The nation’s oldest marijuana reform group called the court’s decision a common sense ruling. “Available science has never established the predictive validity of Standard Field Sobriety Tests for identifying subjects who may be under the influence of controlled substances other than alcohol,” said NORML Deputy Director Paul Armentano.

Armentano also pointed to the scientific realities of the current state of cannabis testing, or lack thereof: “Given these realities, the court was correct to rule that subjects’ subjective performance on these tests ought not to be viewed as persuasive evidence of cannabis-induced impairment.”

The scale of the problem and value of finding a solution isn’t lost on investors now funding numerous startups looking for a way to test for THC impairment in real-time. Mike Lynn of Hound Labs, one of the companies hoping to invent the pot industry holy grail of a non-intrusive roadside pot test, spoke to Josh Constine of TechCrunch at its annual SF Disrupt conference in San Francisco this week. Constine provided one of the event’s big laughs when he asked Lynn, “Why are you such a narc?”

“I swear I’m not a narc,” the former emergency room doctor Lynn responded. “Really what we try to do at Hound Labs is be fair and balance public safety and fairness. Because we need to have a standard. You can’t go around stoned behind the wheel just like you can’t drive drunk, right? At the same time, you don’t want to start firing people or arresting people that aren’t impaired.”

While Lynn’s hopes of balancing the scales of justice are surely merited, the concept of developing a device that could eventually become standard issue in police vehicles likely isn’t keeping him up at night either.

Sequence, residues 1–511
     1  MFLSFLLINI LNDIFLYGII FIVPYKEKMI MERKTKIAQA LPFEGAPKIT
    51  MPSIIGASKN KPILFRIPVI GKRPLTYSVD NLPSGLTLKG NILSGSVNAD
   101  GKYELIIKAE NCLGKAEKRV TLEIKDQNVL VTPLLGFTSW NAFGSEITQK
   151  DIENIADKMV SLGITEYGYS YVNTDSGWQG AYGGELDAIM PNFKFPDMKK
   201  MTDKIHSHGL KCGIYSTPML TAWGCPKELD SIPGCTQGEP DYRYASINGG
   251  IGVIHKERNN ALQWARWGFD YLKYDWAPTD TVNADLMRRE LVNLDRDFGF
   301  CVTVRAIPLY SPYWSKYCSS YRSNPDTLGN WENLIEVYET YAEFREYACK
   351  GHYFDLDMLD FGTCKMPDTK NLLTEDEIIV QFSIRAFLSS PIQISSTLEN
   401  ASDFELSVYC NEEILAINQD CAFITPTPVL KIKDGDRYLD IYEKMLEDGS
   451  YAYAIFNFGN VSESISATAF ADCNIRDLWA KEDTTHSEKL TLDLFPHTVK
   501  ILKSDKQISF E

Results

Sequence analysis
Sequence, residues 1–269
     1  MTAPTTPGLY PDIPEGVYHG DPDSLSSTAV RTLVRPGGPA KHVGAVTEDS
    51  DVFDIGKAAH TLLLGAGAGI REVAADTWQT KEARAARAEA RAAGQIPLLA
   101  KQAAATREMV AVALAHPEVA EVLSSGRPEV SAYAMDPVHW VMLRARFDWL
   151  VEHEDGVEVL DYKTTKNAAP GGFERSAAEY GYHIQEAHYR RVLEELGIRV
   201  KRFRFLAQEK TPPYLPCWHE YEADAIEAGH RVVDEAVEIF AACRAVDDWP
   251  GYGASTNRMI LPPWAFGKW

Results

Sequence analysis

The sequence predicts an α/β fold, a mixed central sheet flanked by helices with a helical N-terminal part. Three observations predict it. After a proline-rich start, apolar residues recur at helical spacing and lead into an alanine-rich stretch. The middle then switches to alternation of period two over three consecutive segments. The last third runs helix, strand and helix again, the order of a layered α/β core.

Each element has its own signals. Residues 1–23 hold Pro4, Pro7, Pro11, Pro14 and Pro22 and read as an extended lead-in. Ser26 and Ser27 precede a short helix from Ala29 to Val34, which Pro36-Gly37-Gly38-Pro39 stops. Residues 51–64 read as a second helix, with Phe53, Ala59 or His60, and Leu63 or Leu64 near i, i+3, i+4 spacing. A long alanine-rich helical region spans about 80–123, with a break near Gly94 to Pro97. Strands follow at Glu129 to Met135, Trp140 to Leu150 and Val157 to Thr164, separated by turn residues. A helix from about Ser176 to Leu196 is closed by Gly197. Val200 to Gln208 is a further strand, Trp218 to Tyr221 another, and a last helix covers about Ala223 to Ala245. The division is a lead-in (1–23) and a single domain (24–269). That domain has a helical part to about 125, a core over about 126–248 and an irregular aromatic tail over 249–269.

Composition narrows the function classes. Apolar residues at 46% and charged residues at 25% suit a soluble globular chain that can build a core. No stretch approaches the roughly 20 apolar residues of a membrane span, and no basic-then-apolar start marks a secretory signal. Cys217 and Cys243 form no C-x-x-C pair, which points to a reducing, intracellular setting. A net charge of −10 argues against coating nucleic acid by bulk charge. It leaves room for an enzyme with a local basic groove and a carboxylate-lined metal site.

This year on Saint Patrick’s Day, the San Diego Police Department debut its new pair of Dräger DrugTest 5000s, a mouth swab drug test that can detect seven drugs including marijuana. The test can detect THC, but blood tests would still be required to get exact levels. San Diego’s police chief told the LA Times, “It’s a huge concern of ours with the legalization of marijuana that we’re going to see an increase in impaired drugged driving.”

In Washington, the American Automobile Association (AAA) released a report on the recent climb in road fatalities where marijuana is detected. But AAA conceded it’s difficult to tell if someone is actually driving high.  At the time, the National Cannabis Industry Association’s Deputy Director Taylor West told CNN Money, “All this report really shows is that more people in Washington State are likely consuming cannabis, and thus might have some THC in their systems at the time of an accident. But since having THC in your system tells us nothing about your potential impairment, it would be like a report showing how many people involved in accidents had drunk a beer in the last week.”

In Colorado, police go to a workshop where volunteers get really high and police interact with them. Colorado also released data that showed a rise in traffic deaths where THC was present. But as Tvert pointed out to us earlier this year: “There isn’t very good data pre-legalization.” Tvert said drug testing was done in fewer than 50 percent of fatal accidents, “so state officials have warned against making before-after comparisons.”

TELL US, what should police do to safely protect against high driving?